As you know, insurance is an important part of risk assessment for many, many business needs. Oftentimes, an insured relies on an insurance broker or agent to procure specific insurance to meet its express business objectives and risks. Notably, there is a potential negligence claim associated with an insurance agent or broker’s negligent procurement of insurance for an insured. While this is not the easiest claim to prove, a recent Third District case explained this standard:
It is well settled that “where an insurance agent or broker undertakes to obtain insurance coverage for another person and fails to do so, he may be held liable for resulting damages for . . . negligence. More specifically, and as applicable here, “[a]n agent is required to use reasonable skill and diligence, and liability may result from a negligent failure to obtain coverage which is specifically requested or clearly warranted by the insured’s expressed needs.” As explained by our sister court, “[t]his general duty requires the agent to exercise due care in correctly advising the insured of the existence and availability of particular insurance, including the availability and desirability of obtaining higher limits, depending on the scope of the agents undertaking.”
Kendall South Medical Center, Inc. v. Consolidated Ins. Nation, Inc., 42 Fla. L. Weekly D1071a (Fla. 3d DCA 2017) (internal quotations omitted).
In this case, a leak occurred on commercial leased premises. The commercial tenant had a property insurance policy that provided $100,000 of coverage for the physical improvements and contents of the property. However, there was a 90% coinsurance provision. A coinsurance provision shifts risk to the insured when the insured purchases less coverage than the value of the property.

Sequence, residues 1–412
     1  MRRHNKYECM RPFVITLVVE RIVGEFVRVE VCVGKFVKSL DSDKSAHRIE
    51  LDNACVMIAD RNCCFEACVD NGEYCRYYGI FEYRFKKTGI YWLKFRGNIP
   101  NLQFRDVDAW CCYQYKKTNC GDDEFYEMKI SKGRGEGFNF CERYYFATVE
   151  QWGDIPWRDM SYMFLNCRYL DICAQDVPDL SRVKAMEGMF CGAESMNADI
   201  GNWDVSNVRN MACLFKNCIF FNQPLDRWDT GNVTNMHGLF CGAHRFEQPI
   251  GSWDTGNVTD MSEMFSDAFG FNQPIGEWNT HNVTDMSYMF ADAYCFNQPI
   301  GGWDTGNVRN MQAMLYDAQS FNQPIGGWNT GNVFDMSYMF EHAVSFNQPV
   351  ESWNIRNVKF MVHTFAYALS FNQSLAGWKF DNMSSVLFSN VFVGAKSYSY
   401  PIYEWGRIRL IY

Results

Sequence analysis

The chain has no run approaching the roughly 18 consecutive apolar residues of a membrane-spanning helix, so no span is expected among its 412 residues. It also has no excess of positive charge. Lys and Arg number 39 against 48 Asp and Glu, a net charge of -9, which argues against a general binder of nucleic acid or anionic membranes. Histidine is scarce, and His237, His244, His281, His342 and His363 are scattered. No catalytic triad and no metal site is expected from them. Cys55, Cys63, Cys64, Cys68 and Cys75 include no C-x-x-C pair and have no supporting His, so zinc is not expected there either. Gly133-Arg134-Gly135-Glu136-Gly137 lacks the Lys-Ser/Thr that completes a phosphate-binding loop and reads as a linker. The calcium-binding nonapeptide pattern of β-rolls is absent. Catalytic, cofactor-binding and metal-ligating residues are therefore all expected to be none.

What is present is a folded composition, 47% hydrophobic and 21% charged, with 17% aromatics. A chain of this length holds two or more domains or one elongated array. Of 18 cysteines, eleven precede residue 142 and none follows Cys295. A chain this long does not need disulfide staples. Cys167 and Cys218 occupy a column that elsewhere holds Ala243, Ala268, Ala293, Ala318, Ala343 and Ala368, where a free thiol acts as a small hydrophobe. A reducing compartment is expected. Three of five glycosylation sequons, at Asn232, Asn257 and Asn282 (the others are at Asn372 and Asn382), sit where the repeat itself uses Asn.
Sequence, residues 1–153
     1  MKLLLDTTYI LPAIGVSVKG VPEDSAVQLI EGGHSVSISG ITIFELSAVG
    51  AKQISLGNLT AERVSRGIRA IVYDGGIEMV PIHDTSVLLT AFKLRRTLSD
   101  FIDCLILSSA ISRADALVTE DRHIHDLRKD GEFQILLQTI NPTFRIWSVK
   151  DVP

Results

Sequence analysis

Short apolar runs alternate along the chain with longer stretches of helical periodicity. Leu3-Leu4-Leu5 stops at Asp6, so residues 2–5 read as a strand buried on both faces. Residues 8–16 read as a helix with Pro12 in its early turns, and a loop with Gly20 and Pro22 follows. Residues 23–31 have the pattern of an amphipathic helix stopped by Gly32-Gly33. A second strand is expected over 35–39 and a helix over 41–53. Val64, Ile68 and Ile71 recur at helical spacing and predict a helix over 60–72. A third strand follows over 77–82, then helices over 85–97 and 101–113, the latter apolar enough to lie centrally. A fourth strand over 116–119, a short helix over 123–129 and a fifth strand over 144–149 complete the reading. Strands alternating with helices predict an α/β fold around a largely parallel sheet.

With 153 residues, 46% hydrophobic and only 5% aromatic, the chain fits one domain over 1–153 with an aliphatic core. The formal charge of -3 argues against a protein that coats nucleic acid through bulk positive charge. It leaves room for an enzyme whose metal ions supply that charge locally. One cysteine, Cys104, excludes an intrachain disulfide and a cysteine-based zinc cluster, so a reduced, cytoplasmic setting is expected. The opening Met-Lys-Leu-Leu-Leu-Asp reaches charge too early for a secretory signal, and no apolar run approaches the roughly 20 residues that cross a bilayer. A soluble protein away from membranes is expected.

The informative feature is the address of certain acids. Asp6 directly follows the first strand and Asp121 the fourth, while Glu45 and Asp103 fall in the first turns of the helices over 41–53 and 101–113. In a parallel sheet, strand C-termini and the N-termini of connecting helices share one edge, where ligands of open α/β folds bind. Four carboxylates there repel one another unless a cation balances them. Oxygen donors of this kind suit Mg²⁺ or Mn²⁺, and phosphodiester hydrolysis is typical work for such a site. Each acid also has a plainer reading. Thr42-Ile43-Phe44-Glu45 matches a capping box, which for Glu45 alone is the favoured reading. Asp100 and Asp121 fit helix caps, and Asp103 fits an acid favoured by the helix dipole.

As a result of the coinsurance provision, the insured only received a fraction of its damages, and less than the $100,000 in coverage. The insured, however, claimed it was under the belief it would recover $100,000 in insurance proceeds as that was what it told its agent it needed. The insured sued its insurance agent claiming the agent’s failure to advise it that the procured policy did not address its expressed insurance needs. “[W]hen an insured alleges that it specifically communicated its insurance needs to an agent who then undertook to procure a policy addressing such needs, the insured states a cause of action for negligent procurement where it also alleges that, without providing an explanation that different coverage was required, the agent procured a policy not meeting those expressed needs.” Kendall South Medical Center, supra.
Perhaps this could have been avoided had the insured reviewed the specific terms of the insurance policy. Perhaps there are e-mails or other records where the insurance agent explained that the coverage the insured was seeking could not be procured without a coinsurance provision that shifted the risk to the insured. Know your insurance and know the risks and coverage afforded to you!
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